Unibra, the Skol brewer has something for everyone

Saturday June 9 2018

Thibault Relecom

Thibault Relecom is CEO and director of Unibra S.A, a Belgium-based brewery that owns Rwanda’s second largest brewery, Skol Breweries Ltd, the makers of Skol beer. PHOTO | CYRIL NDEGEYA | NMG 

By EDMUND KAGIRE
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Thibault Relecom was born in 1982 in the United States of America but grew up in Kinshasa where his father had lived since the 1960s.

When he was 12 years old, his father died and they moved back to Belgium the same year, 1994, where he finished his education up to university level. He has a Bachelors degree in International Business and a Masters degree in Hospitality from Switzerland.

Before joining the family business, Thibault worked in mobile banking in a start-up company he formed and later ran a hotel. By the end of 2008 after the global financial crisis, he decided to join the family business of brewing beer.

He is married with two children — two boys, one five and a half years old and the other two years old. Thibault says he spends a lot of time with his wife Isabelle because he has realised he works too hard and has to create a balanced life.

As a brewer, Thibault says that hard work equals success — of course, with a bit of luck. He believes that the family brewery Union de Brasserie Africaines (Unibra) did the right things for the market and that is why it is successful.

“We were visionary when we started sponsoring Tour du Rwanda six years ago. We came in at a time when the organisers were trying to professionalise cycling in Rwanda. They had a big vision and we decided to be part of it.”

Today Tour du Rwanda is one of the most exciting cycling races on the continent, recognised across the world, followed by more than four million Rwandans.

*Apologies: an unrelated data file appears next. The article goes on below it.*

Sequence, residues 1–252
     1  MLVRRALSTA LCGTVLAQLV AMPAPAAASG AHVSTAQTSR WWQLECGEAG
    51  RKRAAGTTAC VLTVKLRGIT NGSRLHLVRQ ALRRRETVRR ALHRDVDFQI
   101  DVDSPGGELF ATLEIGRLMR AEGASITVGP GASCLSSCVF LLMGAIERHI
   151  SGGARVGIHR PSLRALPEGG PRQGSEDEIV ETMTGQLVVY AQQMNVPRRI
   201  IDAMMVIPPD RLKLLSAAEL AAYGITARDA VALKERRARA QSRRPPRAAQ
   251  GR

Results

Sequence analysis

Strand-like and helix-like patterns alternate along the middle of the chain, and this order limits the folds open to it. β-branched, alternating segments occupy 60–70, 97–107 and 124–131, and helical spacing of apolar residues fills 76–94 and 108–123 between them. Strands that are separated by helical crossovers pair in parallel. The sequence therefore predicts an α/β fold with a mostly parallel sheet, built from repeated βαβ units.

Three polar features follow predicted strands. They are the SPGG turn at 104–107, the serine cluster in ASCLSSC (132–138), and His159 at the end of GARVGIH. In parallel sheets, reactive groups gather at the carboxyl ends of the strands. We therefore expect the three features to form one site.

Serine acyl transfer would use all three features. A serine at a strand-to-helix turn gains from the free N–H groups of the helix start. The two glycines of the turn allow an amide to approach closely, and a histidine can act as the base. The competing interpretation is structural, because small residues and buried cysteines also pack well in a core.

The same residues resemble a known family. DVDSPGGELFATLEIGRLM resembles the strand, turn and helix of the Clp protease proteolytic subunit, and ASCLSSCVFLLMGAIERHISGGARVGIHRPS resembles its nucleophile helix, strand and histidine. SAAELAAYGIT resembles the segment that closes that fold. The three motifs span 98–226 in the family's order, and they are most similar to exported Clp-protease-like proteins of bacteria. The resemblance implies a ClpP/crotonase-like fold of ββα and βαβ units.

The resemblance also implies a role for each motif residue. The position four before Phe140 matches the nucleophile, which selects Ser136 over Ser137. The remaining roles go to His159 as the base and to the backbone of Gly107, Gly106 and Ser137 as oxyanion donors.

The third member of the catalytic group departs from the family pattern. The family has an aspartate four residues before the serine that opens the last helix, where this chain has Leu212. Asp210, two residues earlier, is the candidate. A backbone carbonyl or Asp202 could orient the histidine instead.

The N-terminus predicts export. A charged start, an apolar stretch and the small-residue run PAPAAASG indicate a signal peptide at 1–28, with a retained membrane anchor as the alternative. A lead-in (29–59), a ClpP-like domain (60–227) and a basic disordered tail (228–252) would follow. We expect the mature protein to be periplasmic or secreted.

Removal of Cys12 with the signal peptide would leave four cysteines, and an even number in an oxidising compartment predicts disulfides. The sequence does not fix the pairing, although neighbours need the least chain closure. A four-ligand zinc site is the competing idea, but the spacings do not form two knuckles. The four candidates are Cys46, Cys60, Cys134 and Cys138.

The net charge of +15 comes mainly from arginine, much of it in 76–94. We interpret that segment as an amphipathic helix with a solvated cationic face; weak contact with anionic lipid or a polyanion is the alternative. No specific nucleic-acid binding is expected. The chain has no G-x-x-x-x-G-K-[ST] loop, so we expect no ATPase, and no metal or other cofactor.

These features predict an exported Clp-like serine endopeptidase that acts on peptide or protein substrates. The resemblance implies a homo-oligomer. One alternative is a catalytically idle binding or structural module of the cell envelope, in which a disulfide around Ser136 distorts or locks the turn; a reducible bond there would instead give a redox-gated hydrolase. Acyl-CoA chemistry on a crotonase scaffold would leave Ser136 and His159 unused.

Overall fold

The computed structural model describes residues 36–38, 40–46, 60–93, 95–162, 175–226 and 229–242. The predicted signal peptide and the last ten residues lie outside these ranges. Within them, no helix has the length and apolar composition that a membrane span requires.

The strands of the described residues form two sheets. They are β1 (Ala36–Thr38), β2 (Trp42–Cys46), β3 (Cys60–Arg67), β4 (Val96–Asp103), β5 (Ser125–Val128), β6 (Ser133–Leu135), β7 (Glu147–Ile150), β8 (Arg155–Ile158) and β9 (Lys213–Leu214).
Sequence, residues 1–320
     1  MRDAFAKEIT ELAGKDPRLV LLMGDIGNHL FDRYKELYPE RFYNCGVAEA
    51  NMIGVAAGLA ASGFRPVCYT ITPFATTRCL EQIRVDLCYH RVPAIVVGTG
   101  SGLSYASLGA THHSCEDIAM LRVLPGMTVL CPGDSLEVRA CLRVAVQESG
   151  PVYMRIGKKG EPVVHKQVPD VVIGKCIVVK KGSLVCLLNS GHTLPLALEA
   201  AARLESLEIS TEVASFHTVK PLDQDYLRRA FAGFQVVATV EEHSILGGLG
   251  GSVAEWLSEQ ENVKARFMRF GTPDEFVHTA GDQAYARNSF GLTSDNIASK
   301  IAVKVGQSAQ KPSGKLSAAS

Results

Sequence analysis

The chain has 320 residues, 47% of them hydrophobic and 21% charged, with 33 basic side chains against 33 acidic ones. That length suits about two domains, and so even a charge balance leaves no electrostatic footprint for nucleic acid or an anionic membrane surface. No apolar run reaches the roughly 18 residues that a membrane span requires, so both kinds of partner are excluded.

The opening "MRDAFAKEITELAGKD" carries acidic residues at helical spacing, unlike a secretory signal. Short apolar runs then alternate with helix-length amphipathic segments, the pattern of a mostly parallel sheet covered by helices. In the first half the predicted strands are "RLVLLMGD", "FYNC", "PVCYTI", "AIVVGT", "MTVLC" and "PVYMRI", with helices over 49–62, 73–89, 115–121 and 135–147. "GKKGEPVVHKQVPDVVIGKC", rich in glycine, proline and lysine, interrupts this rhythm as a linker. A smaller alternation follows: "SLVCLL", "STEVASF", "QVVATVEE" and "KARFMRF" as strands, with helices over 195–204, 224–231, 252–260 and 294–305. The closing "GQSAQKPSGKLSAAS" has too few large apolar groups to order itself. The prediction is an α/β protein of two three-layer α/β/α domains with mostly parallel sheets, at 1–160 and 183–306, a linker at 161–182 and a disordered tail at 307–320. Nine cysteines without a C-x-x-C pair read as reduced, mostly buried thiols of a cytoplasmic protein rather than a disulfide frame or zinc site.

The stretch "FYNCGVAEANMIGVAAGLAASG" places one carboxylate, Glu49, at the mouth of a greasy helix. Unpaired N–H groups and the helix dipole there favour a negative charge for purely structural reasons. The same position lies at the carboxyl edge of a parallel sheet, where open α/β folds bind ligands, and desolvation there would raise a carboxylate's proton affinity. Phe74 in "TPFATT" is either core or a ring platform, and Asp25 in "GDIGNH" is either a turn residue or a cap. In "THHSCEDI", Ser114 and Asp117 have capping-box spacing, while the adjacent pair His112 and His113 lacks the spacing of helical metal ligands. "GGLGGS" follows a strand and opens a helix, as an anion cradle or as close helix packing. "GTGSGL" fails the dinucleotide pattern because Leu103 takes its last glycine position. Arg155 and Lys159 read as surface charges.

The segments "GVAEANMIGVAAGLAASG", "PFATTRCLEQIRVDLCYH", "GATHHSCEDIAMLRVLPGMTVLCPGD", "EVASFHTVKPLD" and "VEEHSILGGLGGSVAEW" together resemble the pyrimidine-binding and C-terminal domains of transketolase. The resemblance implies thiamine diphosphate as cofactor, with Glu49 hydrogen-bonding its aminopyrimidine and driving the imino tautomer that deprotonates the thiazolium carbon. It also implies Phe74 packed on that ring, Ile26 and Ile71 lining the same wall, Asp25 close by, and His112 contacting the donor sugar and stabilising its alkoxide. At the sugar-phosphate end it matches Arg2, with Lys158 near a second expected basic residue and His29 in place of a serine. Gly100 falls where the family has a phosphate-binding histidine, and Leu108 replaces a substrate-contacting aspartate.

‘‘We also support Rayon Sports, which is by far the most popular club in Rwanda. For us it has been a win-win situation and we love that. Cycling is in a different place today and Rayon Sports is playing better football. Today, we have a team of about 15 young cyclists we support by training and equipping them,’’ Thibault says.

Unibra produces Skol Malt, Skol Lager, Skol Gatanu and their premium brand Virunga, which they say competes with the best specialty beer in the world. They are looking at exporting Virunga to the region.

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You come from a family that is said to have beer flowing in its veins. How true is this?

Our beer brewing history goes back seven generations. The family business was started in 1827 in Belgium, by Édouard Caulier, who was a farmer and artisan-brewer, in a village called Neufvilles (Hainaut).

Over the generations, the brewing business moved to a nearby city and later to Brussels. Back then in Belgium, there were over 3,000 breweries. Every village had a brewery.

Eventually, the family under Edmond Caulier, who later became a politician, fully commercialised the business and started selling beer from bar to bar.

The two World Wars greatly affected the business, and by then, the 5th generation Cauliers decided to venture into the Congo, which was then a Belgian colony. In 1947 they opened four breweries in Congo.

When the country became independent in 1960, many Belgians moved back to Belgium. But my father, Michel Relecom, who was 26 years old then, moved to Congo and started managing the family breweries in the most difficult of conditions in the aftermath of Independence. He was of the sixth generation.

He succeeded against all odds.

After his death in 1995, we decided to sell the breweries. It was difficult to manage them with a civil war going on. However, we kept the brand which we still own, although we don’t own the plant.